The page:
I honestly believe one of the the aspects that makes MMA more appealing to my generation than boxing, to generalize greatly but truthfully, is the certain degree of chaos that permeates the sports. From the promotion of a fight, to the press conferences, to the weigh-ins, there is a certain degree of frenzied uncertainty that makes all that pageantry that much more fun. I mean, we’re talking about a sport where grown men and woman, barely clothed, beat the bag out of each other with limited rules and still some of the more memorable moments happen during routine pre-fight business.
That’s not to say boxing has never had it’s moments, shame on me if I ignored the masterful rhetoric of Ali or blatantly insane musings of Tyson, but in hindsight, compared to MMA, it seemed a bit rehearsed, a bit staged. Sure, Ali put on a show for the ages, seeming almost boastfully annoyed his opponent would ever meet him in the ring. Buttttt then you have Jake Shields firing a macchiato at Artem Lobov or some other SBG team member while the Diaz brothers flipped the bird and Connor McGregor returned fire with an energy drink. The headliners of that fight were making millions of dollars on a card that would rake in millions more. MMA is now a legit business and a legit sport, but the uncertainty remained and remains, it can’t be quelled.
Which brings us to McGregor’s upcoming boxing match with Floyd Mayweather. On Monday they held the first presser of a 3 country, 4 city press tour to promote a fight that is more spectacle than competition, regardless of predicted or eventual winners. The fight itself is itself a debate probably every fan of combat sports has had over the past 20 years or so: what happens when you put the best MMA fighter and the best boxer against each other. Whether the former (McGregor now) or latter (Mayweather anymore) is true, you have a dynamite enough cross-section of the two sports in name and reputation to warrant the hullaballoo the fight itself has caused.
However, I don’t think I’m along when I say I was just as interested to see class of styles in promotion: the semi-scripted, reality tv-esque machismo of boxing vs. the “Um Jones and Cormier just put Sholler through a temporary wall” tornado of MMA. Conor McGregor did his part. He showed up in his flashy pink tie and blue suit, the pin stripes of which were actually the tiny words “Fuck You” printed over and over again. He swaggered, he jawed, he got the crowd going. He smiled that “4 years ago I was on welfare and now I have all you motherfuckers eating out of my hand” smile. It was awesome to have him back.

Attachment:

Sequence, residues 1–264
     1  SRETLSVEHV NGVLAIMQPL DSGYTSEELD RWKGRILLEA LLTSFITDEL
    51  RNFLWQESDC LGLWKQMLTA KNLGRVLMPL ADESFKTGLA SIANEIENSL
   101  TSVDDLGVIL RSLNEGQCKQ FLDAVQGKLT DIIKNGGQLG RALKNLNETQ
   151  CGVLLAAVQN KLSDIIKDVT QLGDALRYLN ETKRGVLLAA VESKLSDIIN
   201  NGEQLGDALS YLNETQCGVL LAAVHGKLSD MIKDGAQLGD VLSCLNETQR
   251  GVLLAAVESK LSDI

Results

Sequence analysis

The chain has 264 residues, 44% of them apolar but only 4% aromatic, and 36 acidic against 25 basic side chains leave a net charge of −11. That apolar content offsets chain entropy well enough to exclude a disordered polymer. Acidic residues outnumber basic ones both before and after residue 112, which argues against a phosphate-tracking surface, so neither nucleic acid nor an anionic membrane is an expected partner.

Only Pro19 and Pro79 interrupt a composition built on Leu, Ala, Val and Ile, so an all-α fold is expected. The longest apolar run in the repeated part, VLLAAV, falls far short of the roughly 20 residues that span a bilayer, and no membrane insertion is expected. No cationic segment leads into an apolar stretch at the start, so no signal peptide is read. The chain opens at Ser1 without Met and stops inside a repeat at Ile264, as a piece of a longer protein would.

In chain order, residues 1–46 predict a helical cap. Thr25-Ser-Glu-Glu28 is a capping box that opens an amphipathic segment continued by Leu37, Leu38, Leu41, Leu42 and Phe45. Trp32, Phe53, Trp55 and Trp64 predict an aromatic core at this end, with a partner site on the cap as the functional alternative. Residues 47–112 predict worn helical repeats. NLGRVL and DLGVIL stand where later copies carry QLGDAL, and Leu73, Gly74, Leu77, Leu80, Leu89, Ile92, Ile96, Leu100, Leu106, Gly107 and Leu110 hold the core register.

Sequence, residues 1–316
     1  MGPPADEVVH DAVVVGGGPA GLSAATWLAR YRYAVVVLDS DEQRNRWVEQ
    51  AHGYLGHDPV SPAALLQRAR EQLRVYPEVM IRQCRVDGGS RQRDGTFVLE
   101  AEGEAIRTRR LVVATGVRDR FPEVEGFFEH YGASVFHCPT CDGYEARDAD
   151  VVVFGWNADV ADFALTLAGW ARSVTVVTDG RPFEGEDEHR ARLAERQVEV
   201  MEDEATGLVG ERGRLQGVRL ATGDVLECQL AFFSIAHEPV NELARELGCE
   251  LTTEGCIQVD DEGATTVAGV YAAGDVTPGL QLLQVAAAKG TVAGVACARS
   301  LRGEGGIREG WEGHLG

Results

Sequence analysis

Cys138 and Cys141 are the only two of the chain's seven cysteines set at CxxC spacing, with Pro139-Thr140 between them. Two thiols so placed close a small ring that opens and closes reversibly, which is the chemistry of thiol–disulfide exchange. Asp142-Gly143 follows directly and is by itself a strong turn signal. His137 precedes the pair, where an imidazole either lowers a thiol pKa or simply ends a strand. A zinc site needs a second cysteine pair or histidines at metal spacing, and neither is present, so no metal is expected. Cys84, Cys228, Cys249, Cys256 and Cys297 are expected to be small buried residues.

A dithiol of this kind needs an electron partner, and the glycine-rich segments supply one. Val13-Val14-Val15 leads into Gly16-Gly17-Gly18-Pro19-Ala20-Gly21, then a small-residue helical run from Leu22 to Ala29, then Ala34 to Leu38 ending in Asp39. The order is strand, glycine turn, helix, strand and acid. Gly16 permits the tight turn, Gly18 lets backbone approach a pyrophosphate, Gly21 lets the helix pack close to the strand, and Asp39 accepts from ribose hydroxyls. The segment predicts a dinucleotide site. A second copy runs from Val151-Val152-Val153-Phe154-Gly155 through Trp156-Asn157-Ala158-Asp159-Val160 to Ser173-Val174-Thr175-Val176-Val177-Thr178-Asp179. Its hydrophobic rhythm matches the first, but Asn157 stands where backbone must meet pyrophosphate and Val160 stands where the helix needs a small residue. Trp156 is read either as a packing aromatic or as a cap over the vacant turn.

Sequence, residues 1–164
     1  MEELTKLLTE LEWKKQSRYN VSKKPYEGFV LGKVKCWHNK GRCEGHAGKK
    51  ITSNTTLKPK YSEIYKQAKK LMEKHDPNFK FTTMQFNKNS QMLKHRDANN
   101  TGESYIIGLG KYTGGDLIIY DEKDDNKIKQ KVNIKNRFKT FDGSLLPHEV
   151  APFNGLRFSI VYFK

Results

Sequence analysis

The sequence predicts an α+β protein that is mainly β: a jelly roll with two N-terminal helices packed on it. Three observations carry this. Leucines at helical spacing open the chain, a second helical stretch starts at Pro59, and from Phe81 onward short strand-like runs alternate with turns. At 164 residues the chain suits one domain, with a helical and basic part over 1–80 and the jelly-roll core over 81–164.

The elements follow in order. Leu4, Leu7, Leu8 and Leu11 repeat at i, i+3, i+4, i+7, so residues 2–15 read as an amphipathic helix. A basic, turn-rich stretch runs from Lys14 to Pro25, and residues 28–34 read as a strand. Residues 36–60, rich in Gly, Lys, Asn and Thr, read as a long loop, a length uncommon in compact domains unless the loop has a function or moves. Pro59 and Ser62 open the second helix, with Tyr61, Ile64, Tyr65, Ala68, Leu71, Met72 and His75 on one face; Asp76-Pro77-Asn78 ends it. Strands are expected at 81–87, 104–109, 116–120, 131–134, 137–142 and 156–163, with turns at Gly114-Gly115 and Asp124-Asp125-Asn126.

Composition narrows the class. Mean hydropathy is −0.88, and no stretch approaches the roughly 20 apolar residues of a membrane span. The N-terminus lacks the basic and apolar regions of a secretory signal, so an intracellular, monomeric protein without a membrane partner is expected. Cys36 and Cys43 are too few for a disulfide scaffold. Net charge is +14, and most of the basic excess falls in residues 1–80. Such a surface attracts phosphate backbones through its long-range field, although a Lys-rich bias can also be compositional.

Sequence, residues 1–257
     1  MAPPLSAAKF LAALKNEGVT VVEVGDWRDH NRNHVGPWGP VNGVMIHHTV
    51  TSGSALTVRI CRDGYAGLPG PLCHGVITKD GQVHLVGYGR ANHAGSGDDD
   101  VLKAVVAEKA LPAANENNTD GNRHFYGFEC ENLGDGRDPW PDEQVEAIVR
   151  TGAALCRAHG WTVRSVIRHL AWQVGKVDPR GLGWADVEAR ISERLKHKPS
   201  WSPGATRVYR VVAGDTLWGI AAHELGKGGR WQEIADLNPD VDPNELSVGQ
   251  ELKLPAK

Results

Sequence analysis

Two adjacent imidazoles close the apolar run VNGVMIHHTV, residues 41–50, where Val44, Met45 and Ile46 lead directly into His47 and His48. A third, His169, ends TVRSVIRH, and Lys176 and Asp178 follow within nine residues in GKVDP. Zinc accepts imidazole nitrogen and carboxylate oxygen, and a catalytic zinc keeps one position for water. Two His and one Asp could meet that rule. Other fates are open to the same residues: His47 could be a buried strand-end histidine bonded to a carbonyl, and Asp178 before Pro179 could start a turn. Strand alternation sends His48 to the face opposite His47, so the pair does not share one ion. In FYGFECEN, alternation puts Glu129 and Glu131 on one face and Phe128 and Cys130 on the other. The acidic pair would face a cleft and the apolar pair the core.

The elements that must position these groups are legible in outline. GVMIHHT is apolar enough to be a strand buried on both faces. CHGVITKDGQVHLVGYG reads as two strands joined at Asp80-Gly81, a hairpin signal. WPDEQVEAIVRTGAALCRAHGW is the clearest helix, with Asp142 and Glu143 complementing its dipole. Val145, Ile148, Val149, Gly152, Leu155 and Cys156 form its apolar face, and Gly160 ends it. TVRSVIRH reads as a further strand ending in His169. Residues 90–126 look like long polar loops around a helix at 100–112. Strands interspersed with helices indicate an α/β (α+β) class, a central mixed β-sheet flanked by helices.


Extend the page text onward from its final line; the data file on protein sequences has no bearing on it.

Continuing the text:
Mayweather….started ok. He was the silent, stoic Floyd he’s been for his last couple of fights; a bored, bothered character his promotional company has used as a foil to throw opponent after opponent at to see if anyone could topple the apathetic king. The whole production has worked of course, raking in billions, and I suppose it could work on this tour as well, matched up against Connor’s bluster and self-confidence (he honestly, to the bone believes he is winning this fight, within four rounds at that). However, he has to play the high-stakes jenga game that is an MMA promotional endeavor at least a little bit. And right here is where he made a colossal mistake.
McGregor and Mayweather sat on stage answering questions. Connor was the Connor we all know and love, laughing, taunting, soaking it all in, looking at the crowd and nodding “isn’t this great” – and interrupting. This is where Connor excels and really gets in his opponents head/ear (Please watch this to give credit and honor to the one true king of Interruptsmanship). He once called Nate Diaz a cholo. He once asked New York City who the fuck venerable, two weight UFC veteran Jeremy Stephens was. He doesn’t let you dictate inside the cage and doesn’t let you speak outside of it. It is why he, the UFC, and all his opponents and other fighters on his cards have benefited financially from his time at the top.
And Mayweather Promotions cut his mic off.
Although Floyd has never been the most articulate, loquacious guy in the world and quite frankly doesn’t seem to care to speak a whole lot anymore (to be clear, he is a master with the press, I just don’t think he gives a shit), his team’s insistence on their guy being “the A-side” and having more than his time to shine took priority over the whole reason this fight was ever made: Conor being Conor. That is the undeniable truth. There is a reason Floyd never fought BJ Penn or any of the other MMA fighters of his approximate weight and time. Floyd is only one half of the puzzle and before Conor no one else could complete it. What finally is going to give combat sports fans their answer to the questions of what boxer vs. MMA fighter would look like, and give Floyd a massive payday that he actually might need , is not just a fighter of multiple disciplines who has the skill to make fans demand and pay for it, but has the charisma. And the mouth. That was and is only Conor.
And Mayweather Promotions cut his mic off.
Moving forward, it will be interesting to see if this trend of making sure Floyd gets his close up continues. McGregor getting muted was noticed and confirmed by the man himself so they may rethink censoring him moving forward, although then again, Floyd doesn’t really give a shit. Regardless, as it stands now Mayweather Promotions has so far refused to cede any of the promotional creativity to the magnetic tight rope walk that is MMA’s. Floyd Mayweather may have a flawless record in the ring but when it comes to truly letting this dream live to be a reality he has some work to do.
His record there is now 0-1.